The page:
Once in the corps, Kuranaga worked to continue her improvement. "She arrived as a petite girl who was striving, striving, striving, and working, working, working—repeating one movement a million times until she got it to perfection," says Ponomarenko. "It wasn't that it came easily to her—or at least she didn't think so. I think all of us could see the slow but consistent progress."

Her first year she danced Cupid in Don Quixote; the very next year, she got her first principal role in La Sylphide. "I remember saying, 'You know, I would really like to see you one day be a principal dancer,' " says artistic director Mikko Nissinen. "She had everything; we just needed to increase the volume."

Kuranaga in "Coppelia." Photo by Gene Schiavone.

By 2006, Kuranaga felt ready to expand her reach by competing in the USA International Ballet Competition in Jackson, Mississippi. She decided to perform the Black Swan pas de deux. "At first, when she chose it, I didn't think it was suitable for her," says Ponomarenko. "Technically, of course, she was brilliant. But I always look for more than just technique: I look for story, character. And she delivered that." Kuranaga won the gold, but perhaps more significantly, her performance helped launch a gala-dancing career that has taken her around the world. It may also have had an impact at her home company: She was promoted to soloist the next year, and principal in 2009.

For Kuranaga, preparations for performing, whether for a gala or a role, are as much mental as physical. Years of self-discipline have developed her talent for delivering at the crucial moment, as she showed in Don Quixote, but she still worries. "I wish I didn't have to be nervous!" she says. "Before I went on for that pas in the third act, I was telling myself, 'I've always done it. Why would I not be able to do it today?' "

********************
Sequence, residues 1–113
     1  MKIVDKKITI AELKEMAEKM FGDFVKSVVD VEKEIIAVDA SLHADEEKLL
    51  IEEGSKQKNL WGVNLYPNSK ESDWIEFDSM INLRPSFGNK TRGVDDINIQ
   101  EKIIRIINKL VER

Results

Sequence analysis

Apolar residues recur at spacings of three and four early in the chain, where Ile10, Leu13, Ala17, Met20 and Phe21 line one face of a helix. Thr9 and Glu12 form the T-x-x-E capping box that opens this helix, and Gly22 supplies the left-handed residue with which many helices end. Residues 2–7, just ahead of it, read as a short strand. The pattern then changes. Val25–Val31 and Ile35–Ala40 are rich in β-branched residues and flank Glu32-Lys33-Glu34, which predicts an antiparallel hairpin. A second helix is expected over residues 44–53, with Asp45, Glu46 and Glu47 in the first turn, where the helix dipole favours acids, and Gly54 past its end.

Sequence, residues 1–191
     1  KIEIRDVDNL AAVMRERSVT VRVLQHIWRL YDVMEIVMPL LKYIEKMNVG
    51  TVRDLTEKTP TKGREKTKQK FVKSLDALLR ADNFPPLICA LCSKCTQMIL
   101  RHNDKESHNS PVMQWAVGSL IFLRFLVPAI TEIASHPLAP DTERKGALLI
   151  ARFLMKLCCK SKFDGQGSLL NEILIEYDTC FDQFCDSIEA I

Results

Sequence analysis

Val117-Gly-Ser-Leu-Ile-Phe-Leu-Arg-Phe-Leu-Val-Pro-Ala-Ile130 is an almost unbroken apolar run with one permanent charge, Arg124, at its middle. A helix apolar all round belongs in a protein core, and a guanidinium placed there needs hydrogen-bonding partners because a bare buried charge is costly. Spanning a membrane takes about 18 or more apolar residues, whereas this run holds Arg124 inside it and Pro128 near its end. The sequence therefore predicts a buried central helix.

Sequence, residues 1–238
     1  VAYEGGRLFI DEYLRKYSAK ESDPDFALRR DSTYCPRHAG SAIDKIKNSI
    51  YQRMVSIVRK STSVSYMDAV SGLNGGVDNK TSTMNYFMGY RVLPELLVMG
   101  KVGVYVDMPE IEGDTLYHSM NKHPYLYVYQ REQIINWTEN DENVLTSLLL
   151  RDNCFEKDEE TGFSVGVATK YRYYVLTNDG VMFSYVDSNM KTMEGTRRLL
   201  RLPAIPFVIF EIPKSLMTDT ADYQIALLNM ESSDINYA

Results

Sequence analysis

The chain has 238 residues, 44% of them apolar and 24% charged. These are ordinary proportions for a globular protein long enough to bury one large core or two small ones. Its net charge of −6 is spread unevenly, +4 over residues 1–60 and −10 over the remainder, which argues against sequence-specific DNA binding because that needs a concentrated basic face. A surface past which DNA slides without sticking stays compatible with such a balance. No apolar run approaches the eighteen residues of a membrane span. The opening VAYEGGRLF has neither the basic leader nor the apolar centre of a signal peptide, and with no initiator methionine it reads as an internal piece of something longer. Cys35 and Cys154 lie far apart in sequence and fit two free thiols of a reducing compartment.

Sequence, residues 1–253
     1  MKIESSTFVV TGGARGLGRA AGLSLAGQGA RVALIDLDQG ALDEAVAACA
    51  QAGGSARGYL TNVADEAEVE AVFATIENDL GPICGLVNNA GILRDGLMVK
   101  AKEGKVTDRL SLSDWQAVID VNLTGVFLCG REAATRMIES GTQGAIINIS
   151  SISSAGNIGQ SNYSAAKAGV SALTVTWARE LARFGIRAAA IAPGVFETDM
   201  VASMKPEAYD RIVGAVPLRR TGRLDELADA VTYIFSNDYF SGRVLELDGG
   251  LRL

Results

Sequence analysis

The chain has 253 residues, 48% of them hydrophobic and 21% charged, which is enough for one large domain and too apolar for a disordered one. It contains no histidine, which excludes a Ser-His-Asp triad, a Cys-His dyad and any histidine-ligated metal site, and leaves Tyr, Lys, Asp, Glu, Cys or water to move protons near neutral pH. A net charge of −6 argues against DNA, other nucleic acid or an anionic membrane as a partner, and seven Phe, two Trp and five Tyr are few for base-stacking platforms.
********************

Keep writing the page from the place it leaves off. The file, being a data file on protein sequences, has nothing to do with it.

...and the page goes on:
Even now, Kuranaga goes over passages alone in the studio after hours. This year, Don Quixote proved the biggest challenge: "Jeff Cirio would leave the rehearsal, and then I would stay another two hours working on my solos by myself. They didn't come easily to me." Though the show was the 21-year-old Cirio's first full-length story ballet, Kuranaga says that dancing alongside him forced her to become a better artist. "He does everything so perfectly that I feel like I need to step up to match his energy and technique," she says.

When she's not dancing, Kuranaga loves to shop, cook Japanese food and spend time with non-ballet friends. "When work is going well, work friends are an amazing thing," she says. "But when it's not, it's good to have friends who are not dancers and don't understand ballet at all, so you can talk about something else."

If her performances this season are any measure, work seems to be going very well indeed. According to Nissinen, audiences will soon see more of her dynamite partnership with Cirio. "They both challenge each other—they're both vivacious, both very secure technically," says Nissinen. "I think there is much, much more to come."

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Richmond Ballet dancers in "An Open Later..." by Matthew Frain. Photo by Sarah Ferguson, Courtesy Richmond Ballet.